One of the things we had to do in the Ethical Investment Advisory Group was develop over many many years – and this is one of the key aspects of the Church of England’s investment policy – is to develop a relationship with those in whom you invest. It’s very difficult to do that with small companies and therefore we need to look again at our structures and see how we can be diversified enough and have enough subsidiarity to be able to relate to different areas, and not do everything wholesale from one place far away from those who need it. I know that sounds idealistic. . . but I also understand from 20 years of working mainly in areas of depravation that it doesn’t work when you’re a long way away. And we have to ask ourselves: what is the social purpose of business? What kind of society do we want to be in and want our children to inherit? And if our financial services system is not delivering that kind of investment then we have to think again.
The vineyard owner is a risk taker: he’s a risk-taker with his relationships; he’s a risk-taker with his money; he’s a risk-taker with the way he employs people. He’s the kind of person who took on people who wouldn’t have had food at the end of the day if he hadn’t taken them on. There is in that both the integrity of the human being and a principle of generosity.
Secondly, those of us who observe entrepreneurs and entrepreneurialism in action need to be more flexible in our attitude and more willing to accept some of the more uncomfortable aspects of risk taking, liquidation, failure and insolvency.
The present bankruptcy laws can easily be abused – they changed very dramatically over my lifetime to allow people to escape bankruptcy and have less of a moral condemnation.
But if we are to have a culture that is positive about entrepreneurs in ethical terms, then it has to be one that deals with what happens when people cannot face their obligations.
Places like the North-East, the North-West, many areas, there huge numbers of people who have energy and ideas, and the system is simply not giving them the chance to take the risk of failure. How do we develop a financial services system that can do that?
I’m asking lots of questions and I don’t have many answers. The reason for that is that I’m yet to find any source which suggests that we know the answers to regeneration across our society. I had a long study recently preparing for a talk and was speaking with some geographers who specialised in urban regeneration. ‘Oh’, they said. ‘Build houses. That regenerates an area.’ I said: ‘Yes, but what are people going to do who are living in the houses?’ ‘Ah, we haven’t cracked that one yet’, they said.
Well, I’m not sure that really works.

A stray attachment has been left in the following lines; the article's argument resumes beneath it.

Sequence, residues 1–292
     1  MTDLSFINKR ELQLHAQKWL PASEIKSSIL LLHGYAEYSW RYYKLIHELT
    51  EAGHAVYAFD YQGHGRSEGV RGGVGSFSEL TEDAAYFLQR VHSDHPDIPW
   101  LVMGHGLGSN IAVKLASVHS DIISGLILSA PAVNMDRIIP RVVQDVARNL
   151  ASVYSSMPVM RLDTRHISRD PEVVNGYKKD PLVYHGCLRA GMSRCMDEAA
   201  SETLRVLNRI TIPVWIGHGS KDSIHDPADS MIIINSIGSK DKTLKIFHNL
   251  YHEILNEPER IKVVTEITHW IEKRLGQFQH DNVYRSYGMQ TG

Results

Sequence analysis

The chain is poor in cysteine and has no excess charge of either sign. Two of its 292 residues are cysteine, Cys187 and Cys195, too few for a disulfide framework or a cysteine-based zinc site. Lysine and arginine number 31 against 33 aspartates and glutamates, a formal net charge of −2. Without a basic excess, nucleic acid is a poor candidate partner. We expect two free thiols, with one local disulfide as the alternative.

How do we recreate the local kind of formats, the integration with areas that are unfashionable that enables the risk taking that is necessary? What kind of financial services system does that look like?
Thirdly, a static structure of regulation or ethical teaching will not react swiftly enough (and rule-based systems don’t react swiftly enough, hence the problem with regulation) to changes in the economy, and one of the great strengths that has been shown by Catholic Social Teaching is that it is not entirely static.
Last year Archbishop Nichols spoke eloquently about solidarity, which is at the heart of what I’m saying at the moment. Solidarity demands not merely a sense of responsibility for others in society, but the exercise of initiative in driving forward wealth-creation in a responsible manner. Take an example: last night at Lambeth Palace we had a reception and I met a gentleman who had been involved in writing Basel 1; it was apparently about 20 pages. Basel III is around about 3000 pages. Are our banks better regulated...?
Fourthly, culture. We cannot end up with a business culture that sees ethics as confined to corporate social responsibility. . . Private and long-term equity is essential for renewal of the economic base. If we are going to have an economy that generates jobs and wealth across the patch, it has to come not merely from publicly-traded equity, but also a significant development of private and joint venture equity that enables smaller and entrepreneurial in unfashionable areas to gain and develop.
And fifthly, this is all essentially coming back to motivation. Is being good in business merely about keeping the rules? If you keep the rules you’re ok – that’s pure Friedman. I think that’s been utterly disproved. One of the things we saw on the Parliamentary Banking Standards Commission most clearly was people were constantly asking what was legal and never asking what was right. And that is the question we have to get back to asking.
The vineyard owner had clearly a deep sense of belonging to community. For him, good business was about good relationships. Getting the harvest in, yes, but doing it in a way that was of general benefit, that recognised the human beings with whom he dealt, and within the confines of the economic system allowed the maximum benefit from what he was doing right across society. A society with those sorts of values opens space for the entrepreneurialism, gives room for development and may re-find the importance of the human being with whom we deal.